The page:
Adoption of the blockchain within the financial services industry is on an intense upward trajectory, according to the findings of management consulting company Greenwich Associates. They have found that the industry is spending about $1.7 billion per year on the technology.
Banking Industry Spends $1.7 Billion Each Year on Blockchain as Products Are Rolled Out
While the banking industry remains in strong opposition to the cryptocurrency market for a number of disruptive reasons, banks and other firms within the financial ecosystem have been exploring blockchain technology in the last few years. The R3 consortium launching in 2014 is the most popular bank organized project. The industry is now moving past the proof-of-concept phase and has started to commercialize blockchain products, reports Bloomberg.
Greenwich Associates, a market intelligence and advisory services provider based in Connecticut, U.S., has published a study that showed blockchain budgets increased 67% last year. Not only that, but one in 10 of the banks and other companies are now reporting distributed ledger technology (DLT) budgets in excess of $10,000,000.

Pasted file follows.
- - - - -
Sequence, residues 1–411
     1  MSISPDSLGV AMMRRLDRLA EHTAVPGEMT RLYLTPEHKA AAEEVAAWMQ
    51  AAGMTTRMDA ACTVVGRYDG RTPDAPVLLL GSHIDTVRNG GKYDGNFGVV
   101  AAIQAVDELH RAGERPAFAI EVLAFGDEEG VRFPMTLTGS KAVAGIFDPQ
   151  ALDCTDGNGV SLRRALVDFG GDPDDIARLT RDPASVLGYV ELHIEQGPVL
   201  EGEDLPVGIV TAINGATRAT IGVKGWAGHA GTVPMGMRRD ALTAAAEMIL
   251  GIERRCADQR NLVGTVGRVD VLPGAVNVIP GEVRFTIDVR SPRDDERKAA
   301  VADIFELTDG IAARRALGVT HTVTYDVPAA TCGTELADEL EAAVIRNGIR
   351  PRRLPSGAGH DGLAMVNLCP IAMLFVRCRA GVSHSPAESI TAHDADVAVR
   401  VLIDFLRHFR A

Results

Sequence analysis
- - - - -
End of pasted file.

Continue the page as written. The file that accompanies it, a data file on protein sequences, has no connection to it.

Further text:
The firm conducted over 200 interviews with market participants for one of the most comprehensive studies on the topic to date, including those of blockchain budgets, team sizes, use case exploration, key challenges, and other issues.
The report concluded that banks and other firms have doubled blockchain initiatives in 2017, with top-tier banks now having an average of 18 full-time employees working on it. Fourteen percent of participants in the study said they have successfully deployed a production blockchain solution, with payments and trade finance being their main focus.
Cost reduction is the biggest driver of blockchain investment and development, surpassing motives such as revenue opportunities, settlement issues, and diminished risk and cost of capital, according to the study authored by Richard Johnson, vice president of Greenwich Associates Market Structure and Technology.
“More than half of the executives we interviewed told us that implementing DLT was harder than they expected. Nevertheless, more than three-quarters of projects currently under development are expected to be live within two years.”
Although the report states that payments are a top priority for banks in their development of distributed ledger technology, banking institutions are on the losing side of the race and bleeding customers as well as transaction volumes. Legacy systems are now competing with scalable, real-time, and on-demand infrastructures able to reduce the marginal cost of a transaction potentially to zero.
The international payments business is being unwillingly handed over to non-banks who have taken 40% of market share for consumer-to-consumer (C2C), cross-border payments from banks. Banks have also lost 30% and 5% of the consumer-to-business (C2B) and business-to-business (B2B) payments markets, respectively.
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